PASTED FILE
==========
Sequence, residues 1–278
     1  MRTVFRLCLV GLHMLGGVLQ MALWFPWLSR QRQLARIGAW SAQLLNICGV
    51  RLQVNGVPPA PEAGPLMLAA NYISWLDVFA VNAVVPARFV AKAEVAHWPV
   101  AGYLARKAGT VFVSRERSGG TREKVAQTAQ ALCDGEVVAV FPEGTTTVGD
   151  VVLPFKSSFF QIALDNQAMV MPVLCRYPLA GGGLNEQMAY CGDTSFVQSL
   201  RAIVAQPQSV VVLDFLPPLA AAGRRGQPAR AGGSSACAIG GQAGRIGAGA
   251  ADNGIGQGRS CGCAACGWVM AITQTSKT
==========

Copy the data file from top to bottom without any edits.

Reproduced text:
Sequence, residues 1–278
     1  MRTVFRLCLV GLHMLGGVLQ MALWFPWLSR QRQLARIGAW SAQLLNICGV
    51  RLQVNGVPPA PEAGPLMLAA NYISWLDVFA VNAVVPARFV AKAEVAHWPV
   101  AGYLARKAGT VFVSRERSGG TREKVAQTAQ ALCDGEVVAV FPEGTTTVGD
   151  VVLPFKSSFF QIALDNQAMV MPVLCRYPLA GGGLNEQMAY CGDTSFVQSL
   201  RAIVAQPQSV VVLDFLPPLA AAGRRGQPAR AGGSSACAIG GQAGRIGAGA
   251  ADNGIGQGRS CGCAACGWVM AITQTSKT